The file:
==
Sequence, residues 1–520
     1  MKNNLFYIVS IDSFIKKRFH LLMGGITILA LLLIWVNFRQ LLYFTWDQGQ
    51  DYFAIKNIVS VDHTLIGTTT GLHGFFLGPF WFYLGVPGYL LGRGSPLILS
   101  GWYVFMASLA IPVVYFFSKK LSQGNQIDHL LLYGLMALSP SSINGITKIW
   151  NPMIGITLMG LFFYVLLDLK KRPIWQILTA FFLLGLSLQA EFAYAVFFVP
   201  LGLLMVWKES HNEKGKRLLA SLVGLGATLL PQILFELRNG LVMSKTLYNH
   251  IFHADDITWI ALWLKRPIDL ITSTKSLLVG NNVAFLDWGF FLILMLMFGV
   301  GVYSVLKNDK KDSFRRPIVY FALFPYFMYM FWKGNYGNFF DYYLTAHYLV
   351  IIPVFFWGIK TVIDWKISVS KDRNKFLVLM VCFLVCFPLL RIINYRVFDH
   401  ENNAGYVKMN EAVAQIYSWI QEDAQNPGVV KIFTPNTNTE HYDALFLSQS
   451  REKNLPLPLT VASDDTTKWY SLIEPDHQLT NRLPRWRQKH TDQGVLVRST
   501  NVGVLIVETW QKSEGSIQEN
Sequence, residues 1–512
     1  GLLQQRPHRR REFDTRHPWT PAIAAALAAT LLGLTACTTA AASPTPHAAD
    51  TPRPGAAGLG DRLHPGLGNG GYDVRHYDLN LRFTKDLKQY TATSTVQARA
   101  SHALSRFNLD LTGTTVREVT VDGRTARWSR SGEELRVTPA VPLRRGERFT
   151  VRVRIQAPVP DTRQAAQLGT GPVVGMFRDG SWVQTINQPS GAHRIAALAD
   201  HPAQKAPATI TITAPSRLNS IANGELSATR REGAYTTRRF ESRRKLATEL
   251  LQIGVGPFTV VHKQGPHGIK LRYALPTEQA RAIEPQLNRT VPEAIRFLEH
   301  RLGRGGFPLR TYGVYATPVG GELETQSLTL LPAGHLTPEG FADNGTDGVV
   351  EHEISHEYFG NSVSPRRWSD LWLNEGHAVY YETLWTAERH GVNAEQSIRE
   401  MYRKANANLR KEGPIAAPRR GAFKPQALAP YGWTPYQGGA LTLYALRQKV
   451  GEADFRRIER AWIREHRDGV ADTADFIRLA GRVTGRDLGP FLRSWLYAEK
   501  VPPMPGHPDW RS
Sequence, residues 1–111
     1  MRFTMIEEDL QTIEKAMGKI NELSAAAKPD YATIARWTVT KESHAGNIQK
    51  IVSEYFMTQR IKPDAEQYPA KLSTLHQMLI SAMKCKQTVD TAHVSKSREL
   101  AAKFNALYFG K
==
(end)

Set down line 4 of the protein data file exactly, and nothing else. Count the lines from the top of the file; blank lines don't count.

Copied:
   101  GWYVFMASLA IPVVYFFSKK LSQGNQIDHL LLYGLMALSP SSINGITKIW